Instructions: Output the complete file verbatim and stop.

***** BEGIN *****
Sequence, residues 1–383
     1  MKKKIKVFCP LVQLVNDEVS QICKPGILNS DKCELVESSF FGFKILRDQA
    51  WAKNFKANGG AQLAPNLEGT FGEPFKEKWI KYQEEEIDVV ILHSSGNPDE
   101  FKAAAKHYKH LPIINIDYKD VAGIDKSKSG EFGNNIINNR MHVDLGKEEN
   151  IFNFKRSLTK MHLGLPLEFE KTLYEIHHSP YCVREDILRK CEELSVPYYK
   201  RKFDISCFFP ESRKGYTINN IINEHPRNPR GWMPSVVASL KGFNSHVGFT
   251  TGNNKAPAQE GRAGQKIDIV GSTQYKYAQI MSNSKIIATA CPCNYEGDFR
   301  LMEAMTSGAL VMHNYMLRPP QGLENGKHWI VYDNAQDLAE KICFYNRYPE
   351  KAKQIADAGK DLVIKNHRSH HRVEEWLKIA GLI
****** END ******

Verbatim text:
Sequence, residues 1–383
     1  MKKKIKVFCP LVQLVNDEVS QICKPGILNS DKCELVESSF FGFKILRDQA
    51  WAKNFKANGG AQLAPNLEGT FGEPFKEKWI KYQEEEIDVV ILHSSGNPDE
   101  FKAAAKHYKH LPIINIDYKD VAGIDKSKSG EFGNNIINNR MHVDLGKEEN
   151  IFNFKRSLTK MHLGLPLEFE KTLYEIHHSP YCVREDILRK CEELSVPYYK
   201  RKFDISCFFP ESRKGYTINN IINEHPRNPR GWMPSVVASL KGFNSHVGFT
   251  TGNNKAPAQE GRAGQKIDIV GSTQYKYAQI MSNSKIIATA CPCNYEGDFR
   301  LMEAMTSGAL VMHNYMLRPP QGLENGKHWI VYDNAQDLAE KICFYNRYPE
   351  KAKQIADAGK DLVIKNHRSH HRVEEWLKIA GLI